Thursday, July 26, 2012

Drought in the Midwest

The apple mint section of the herb garden
We had a few very small episodes of rain go through last week, just enough to help the grass in shady areas.

The picture below is what the grass looks like next to the garden, which is in direct sunlight.


The zinnias continue to flower although they are obviously under great stress.



The tomato plants are alive because I water like crazy each day but the tomatoes are not growing any bigger.  They are mostly golf ball size!

I understand this is because of excessive heat as well as drought.  It's definitely a one-two punch as heat breeds drought which then brings more heat.


The excessive heat is also responsible for crackly kale.


Don't the pole beans look nice from a distance (pictured below)?  It is very deceiving. 

What I understand from reading the newspaper... there are no green beans growing in the area.  Like my pole beans, the plant would flower beautifully and then the flower would wither and die.  It never provided one green bean.

I am only keeping the pole bean alive to hopefully provide shade to the nasturtium plants which have survived so far.  Half of them were fried by the heat and had to be removed.  My hope is that once we have cooler weather, the remaining nasturtiums will flower again.


Normally the picture below would include lots of mature bush beans as well as newly planted seedlings.  The bush beans gave us a few handfuls of green beans and then almost overnight they all died.

I decided against planting more seeds given the circumstances.


While the drought is killing crops everywhere, even flowers on the deck are showing signs of great distress due to the 100+ heat.


Remember when it looked like this?


The Corn Belt is a disaster...

11 comments:

Anonymous said...

How awful! I am sorry about your garden. I hope you get some rain soon. the weather is so unusual this year. We have a tornado watch today! Long Islanders are more used to hurricane watches, which usually weaken and become tropical storms.

Dee

Susan Humeston said...

That just about drives me to tears.

mdoe37 said...

We're just getting a bit of rain here too. . . more in about 1-1/2 hours. (Michigan) Zuchinnis are producing some (enough for me anyway). I just picked the first planting of green beans (Contender). I'm not convinced I'll have much of a second picking though. The second planting of beans didn't even come up, the replant is up now about three inches. I'll plant another 1/2 pound this weekend. I won't be able to can much though. Sweet corn looks okay although the ears are not large. I should have known it was going to be an off year -- I actually have a good catch of beets and carrots -- which never grow otherwise!

Anonymous said...

It looks the same here in Iowa. Scorched lawns, gardens,and flowers. We keep the potted plants going, but lawns & gardens are a bust. Nothing much at farmers market either and generally at this time of year we are stuffing ourselves with fresh produce. I'm sure the farmers are going to loose at harvest. Cornfields are cracked. Troubled times are ahead! Corinne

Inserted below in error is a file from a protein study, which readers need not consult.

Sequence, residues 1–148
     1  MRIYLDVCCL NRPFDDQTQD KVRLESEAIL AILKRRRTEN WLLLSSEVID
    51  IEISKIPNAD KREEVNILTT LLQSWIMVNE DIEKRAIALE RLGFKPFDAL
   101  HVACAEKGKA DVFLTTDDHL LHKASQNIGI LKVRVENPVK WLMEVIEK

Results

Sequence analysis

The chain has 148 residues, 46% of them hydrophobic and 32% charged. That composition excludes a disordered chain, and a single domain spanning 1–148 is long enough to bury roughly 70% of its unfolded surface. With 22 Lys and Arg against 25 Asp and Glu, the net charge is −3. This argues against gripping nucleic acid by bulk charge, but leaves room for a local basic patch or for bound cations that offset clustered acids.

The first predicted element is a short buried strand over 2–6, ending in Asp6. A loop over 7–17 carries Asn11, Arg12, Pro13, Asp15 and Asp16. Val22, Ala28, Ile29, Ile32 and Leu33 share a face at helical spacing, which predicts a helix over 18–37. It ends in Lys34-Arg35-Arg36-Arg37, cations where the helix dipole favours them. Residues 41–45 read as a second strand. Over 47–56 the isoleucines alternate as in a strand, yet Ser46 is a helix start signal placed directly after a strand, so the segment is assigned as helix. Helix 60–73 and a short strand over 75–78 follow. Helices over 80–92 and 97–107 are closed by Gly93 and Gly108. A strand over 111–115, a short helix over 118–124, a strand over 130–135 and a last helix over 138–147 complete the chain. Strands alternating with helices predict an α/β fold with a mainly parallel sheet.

Marge said...

Brenda, here in Minnesota we are about in the same situation. We have not one green bean. Not one. We planted bush and pole varieties. We have gotten no lettuce. The peppers are done for. Had a couple of meals of snap peas and then they died. I am getting cukes and zucchini. Our tomato plants have a ton of tomatoes, but they get bottom rot as they ripen. What a disaster this gardening season has been.

Vee said...

It is distressing, especially so for all of you affected by this — two-thirds of the country. We'll all be affected by it before it's over. Everything looks pretty well gone, except for the beans, which you explained are like the fig tree Jesus cursed. We are getting more rain...today and for the next four. Seems as though something is very skewed in the atmosphere. Courage... the Lord is not surprised by these circumstances and He is still in charge, especially true for those who put their trust in Him. Is it time to head out and visit New England?

Anonymous said...

What a shame. This summer has been so weird weatherwise. We finally got some badly needed rain last night. Felt like doing the 'rain chant.' :)
The patio plants might do better inside out of the sun for now. Still like the little chickens though.

thickethouse said...

Oh, Brenda, this is beyond sad. And zinnias are so tough. They make me realize how bad it is there. We've been very hot and dry (though not to compare with Indiana) but today we got a fair amount of rain, and some was the longer soaking sort of rain which is so much better. I hope you get rain soon....You don't have any old net curtains, like the ones my mother called "glass curtains" do you? You might use something like that to shade your most important plants.......I am so sorry. Praying for rain for you all!

Anonymous said...

up in northern MN, we finally got some rain this week. its been a rough month or so here as well. from flooding, to near drought conditions. praying for our neighbors around the country suffering from this heat/drought.
in Christs Love...lynne

Judy said...

I am sorry you are dealing with this.This brings my Australian (my home of origin) droughts to mind. So very hard to watch your little plot shrivel. Six years ago when we visited Brisbane, their city reservoirs were dangerously low, and family were saving all vegetable cooking water, bath water, and they kept buckets in the shower to catch the excess, all in an attempt to keep the garden plants alive. The grass looked like yours but is remarkably hardy - after several years of minimal rain, it all came back when the rains eventually did.
Oh that the nations would turn to the Lord and plead His grace.

Front Porch Grace said...

Praying and will continue...

By his Grace,
Michelle